It's good to learn from our mistakes. The more we pay attention to what we've done wrong in the past the more successful we'll be in the future.
This is certainly true when it comes to weight loss and fitness. And, for some reason, when it comes to dealing with weight, many people put their blinders on and don't look back to see what they've done wrong. This only leads to a seemingly endless cycle of failures. It's no wonder most dieters are frustrated, anxious and often hungry.
I think people ought to try to become better consumers of dieting information just as they try to be careful when it comes to buying electronics, baby car seats or hair straighteners. In 2011, wouldn't it be nice to stop being frustrated and confused by all the weight-loss diets and products that are thrown at you daily?
With this in mind, I have put together a list of the Top 10 dieting mistakes I see people make over and over again. If you notice that any of them apply to you, try to focus on correcting these barriers to your fitness, and see what kind of progress you can make.
1. Looking for quick fixes through fad diets
The mind tends to resist when it feels deprived, and the result is loss of control over food. The body needs the right nutrition to function well, and without it, fat-burning can slow down so that you hang on to fat instead of releasing it. Quick test: If you can't picture yourself following the plan for a lifetime, don't bother for even a few weeks.
2. No regular exercise
The people who are most successful with weight and fitness tend to be active on a regular basis, yet most dieters don't take advantage of this wonderful tool.
The body has a wonderful ability to slow down its metabolism when it's not getting enough fuel to function. Undereating means losing fat more slowly, and when normal eating resumes, putting it back on faster.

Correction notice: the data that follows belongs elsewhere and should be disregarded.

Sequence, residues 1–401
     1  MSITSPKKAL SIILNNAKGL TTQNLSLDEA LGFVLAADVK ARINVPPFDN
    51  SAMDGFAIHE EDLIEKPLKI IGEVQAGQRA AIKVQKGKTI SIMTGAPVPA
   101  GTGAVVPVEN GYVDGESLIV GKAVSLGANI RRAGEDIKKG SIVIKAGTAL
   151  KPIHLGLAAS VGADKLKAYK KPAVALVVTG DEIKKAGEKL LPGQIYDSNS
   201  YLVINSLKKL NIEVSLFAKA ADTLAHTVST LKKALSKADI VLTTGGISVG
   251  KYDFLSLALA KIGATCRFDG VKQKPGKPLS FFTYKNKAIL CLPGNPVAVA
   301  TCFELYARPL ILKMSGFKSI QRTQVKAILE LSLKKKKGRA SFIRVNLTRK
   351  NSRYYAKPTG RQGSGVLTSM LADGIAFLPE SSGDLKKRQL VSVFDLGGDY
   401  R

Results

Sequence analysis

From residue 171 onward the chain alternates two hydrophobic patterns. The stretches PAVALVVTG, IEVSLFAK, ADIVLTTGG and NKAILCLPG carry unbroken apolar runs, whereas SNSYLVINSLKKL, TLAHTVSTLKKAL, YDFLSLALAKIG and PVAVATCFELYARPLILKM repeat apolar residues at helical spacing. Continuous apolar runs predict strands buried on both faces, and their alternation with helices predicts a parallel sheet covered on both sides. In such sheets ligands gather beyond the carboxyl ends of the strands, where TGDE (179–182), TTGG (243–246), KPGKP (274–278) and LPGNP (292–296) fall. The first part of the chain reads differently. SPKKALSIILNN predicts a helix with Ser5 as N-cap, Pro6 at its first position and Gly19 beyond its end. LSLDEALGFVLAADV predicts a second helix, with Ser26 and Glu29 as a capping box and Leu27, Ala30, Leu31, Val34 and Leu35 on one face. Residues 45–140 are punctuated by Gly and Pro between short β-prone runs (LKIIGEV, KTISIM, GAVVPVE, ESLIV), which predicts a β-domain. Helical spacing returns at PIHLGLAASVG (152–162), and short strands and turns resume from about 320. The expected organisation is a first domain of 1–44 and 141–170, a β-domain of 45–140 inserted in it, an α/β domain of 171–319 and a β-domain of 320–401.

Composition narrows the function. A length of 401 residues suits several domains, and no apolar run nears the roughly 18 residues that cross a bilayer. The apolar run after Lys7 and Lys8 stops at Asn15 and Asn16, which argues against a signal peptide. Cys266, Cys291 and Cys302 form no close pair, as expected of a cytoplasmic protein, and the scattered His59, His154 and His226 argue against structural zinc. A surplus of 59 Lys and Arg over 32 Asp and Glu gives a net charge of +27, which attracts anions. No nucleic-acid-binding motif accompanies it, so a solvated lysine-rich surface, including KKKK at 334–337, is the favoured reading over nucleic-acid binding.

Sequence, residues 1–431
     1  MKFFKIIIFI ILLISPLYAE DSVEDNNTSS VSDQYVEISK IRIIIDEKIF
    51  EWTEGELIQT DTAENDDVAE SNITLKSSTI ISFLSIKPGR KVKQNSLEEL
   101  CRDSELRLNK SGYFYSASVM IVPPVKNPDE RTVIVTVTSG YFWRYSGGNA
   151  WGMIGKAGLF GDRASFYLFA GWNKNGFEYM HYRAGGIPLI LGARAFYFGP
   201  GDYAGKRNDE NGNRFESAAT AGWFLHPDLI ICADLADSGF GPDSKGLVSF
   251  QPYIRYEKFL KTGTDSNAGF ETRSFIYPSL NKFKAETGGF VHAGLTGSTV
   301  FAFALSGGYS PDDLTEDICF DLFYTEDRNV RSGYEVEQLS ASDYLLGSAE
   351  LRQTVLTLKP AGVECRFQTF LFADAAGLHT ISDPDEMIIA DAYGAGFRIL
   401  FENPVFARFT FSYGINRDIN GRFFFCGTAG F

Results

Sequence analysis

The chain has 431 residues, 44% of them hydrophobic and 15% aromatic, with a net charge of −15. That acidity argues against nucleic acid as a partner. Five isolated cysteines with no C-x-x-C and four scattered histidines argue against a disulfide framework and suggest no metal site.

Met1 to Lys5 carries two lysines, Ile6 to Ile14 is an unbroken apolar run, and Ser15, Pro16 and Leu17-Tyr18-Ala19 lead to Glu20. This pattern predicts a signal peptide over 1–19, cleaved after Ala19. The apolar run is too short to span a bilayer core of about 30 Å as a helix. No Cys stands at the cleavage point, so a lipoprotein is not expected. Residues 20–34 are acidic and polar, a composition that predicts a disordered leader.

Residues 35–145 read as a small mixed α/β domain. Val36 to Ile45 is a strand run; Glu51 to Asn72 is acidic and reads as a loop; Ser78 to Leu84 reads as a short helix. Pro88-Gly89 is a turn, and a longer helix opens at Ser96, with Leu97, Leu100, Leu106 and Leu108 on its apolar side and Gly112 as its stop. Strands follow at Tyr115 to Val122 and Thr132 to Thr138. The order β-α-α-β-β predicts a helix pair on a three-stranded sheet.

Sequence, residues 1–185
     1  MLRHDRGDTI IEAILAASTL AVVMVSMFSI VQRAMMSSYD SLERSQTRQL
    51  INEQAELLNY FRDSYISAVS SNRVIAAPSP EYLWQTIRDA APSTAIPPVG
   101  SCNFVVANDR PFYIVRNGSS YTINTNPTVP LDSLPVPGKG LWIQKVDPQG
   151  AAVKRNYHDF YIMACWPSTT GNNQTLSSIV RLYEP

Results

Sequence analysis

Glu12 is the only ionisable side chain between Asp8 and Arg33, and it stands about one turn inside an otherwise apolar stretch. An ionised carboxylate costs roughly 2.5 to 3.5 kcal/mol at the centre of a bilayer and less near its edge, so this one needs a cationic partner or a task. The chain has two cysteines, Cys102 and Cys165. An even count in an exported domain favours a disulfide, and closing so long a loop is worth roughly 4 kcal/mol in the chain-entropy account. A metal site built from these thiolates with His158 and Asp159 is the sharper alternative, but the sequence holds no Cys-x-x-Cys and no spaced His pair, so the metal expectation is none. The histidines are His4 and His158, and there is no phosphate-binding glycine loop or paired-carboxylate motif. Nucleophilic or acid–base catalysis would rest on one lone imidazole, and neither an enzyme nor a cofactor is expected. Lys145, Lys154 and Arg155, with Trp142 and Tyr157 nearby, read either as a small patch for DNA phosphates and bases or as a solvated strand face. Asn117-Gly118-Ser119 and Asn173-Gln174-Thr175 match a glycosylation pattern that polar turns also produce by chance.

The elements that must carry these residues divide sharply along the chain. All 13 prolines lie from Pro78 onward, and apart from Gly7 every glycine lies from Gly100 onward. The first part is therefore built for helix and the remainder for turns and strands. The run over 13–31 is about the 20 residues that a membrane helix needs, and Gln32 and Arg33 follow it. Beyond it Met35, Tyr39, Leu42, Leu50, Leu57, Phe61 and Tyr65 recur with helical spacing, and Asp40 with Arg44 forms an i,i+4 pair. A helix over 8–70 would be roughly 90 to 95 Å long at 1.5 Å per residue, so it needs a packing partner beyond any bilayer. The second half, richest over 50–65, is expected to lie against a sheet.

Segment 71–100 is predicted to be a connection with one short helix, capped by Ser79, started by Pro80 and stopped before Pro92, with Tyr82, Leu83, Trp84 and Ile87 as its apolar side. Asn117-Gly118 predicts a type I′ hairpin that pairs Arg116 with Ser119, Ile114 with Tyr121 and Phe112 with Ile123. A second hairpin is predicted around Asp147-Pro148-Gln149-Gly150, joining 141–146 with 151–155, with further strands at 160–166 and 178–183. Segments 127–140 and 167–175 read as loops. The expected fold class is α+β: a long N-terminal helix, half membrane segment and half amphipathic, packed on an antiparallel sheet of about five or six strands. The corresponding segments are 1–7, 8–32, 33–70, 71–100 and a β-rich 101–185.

4. Skipping meals
Going without food for too long can result in overeating due to ravenous hunger and a slower metabolism. Consider smaller portions, four or five times a day.
5. Drinking too many calories and not drinking enough water
Liquid calories count just as much as the solid variety, only they don't satisfy you. On the other hand, not drinking enough water can lead to thirst that can be confused for hunger. But being hydrated helps the body perform all its tasks more efficiently — including fat-burning.
6. Getting too hungry
If you want to control your food intake properly, a good trick is to not allow hunger to go beyond a "3" on a scale of 0 to 5 (0=no hunger, 5=ravenous).
7. Eating late at night
At night our body starts to slow down, readying itself for sleep. Metabolism slows and any calories eaten are more likely to be stored as fat. Try to eat your last meal by 6 p.m. If you get hungry later it probably means you didn't eat enough during the day. Pay attention to hunger at night by eating a light snack but then focus on eating properly the next day to avoid late-night hunger.
8. Not eating breakfast
After many hours without food the body is ready to be fed and start burning. Not eating breakfast keeps metabolism low, which is why numerous studies show the most successful dieters don't skip this meal. If you think you can't eat in the morning, start with small quantities and slowly increase your intake until you are eating an adequate amount.
9. Over-focusing on weight and food
This kind of preoccupation with food can increase cravings to eat. So put the focus where it counts — on the behaviors of increasing quality of eating and activity level.
10. Thinking negatively
Judging yourself harshly is self-defeating. Not only does it affect motivation but it increases stress levels, leading to overeating. Instead, pat yourself on the back for every small step forward.
Lavinia Rodriguez, Ph.D., is a Tampa clinical psychologist who specializes in weight management. She can be reached at (813) 240-9557 or firstname.lastname@example.org.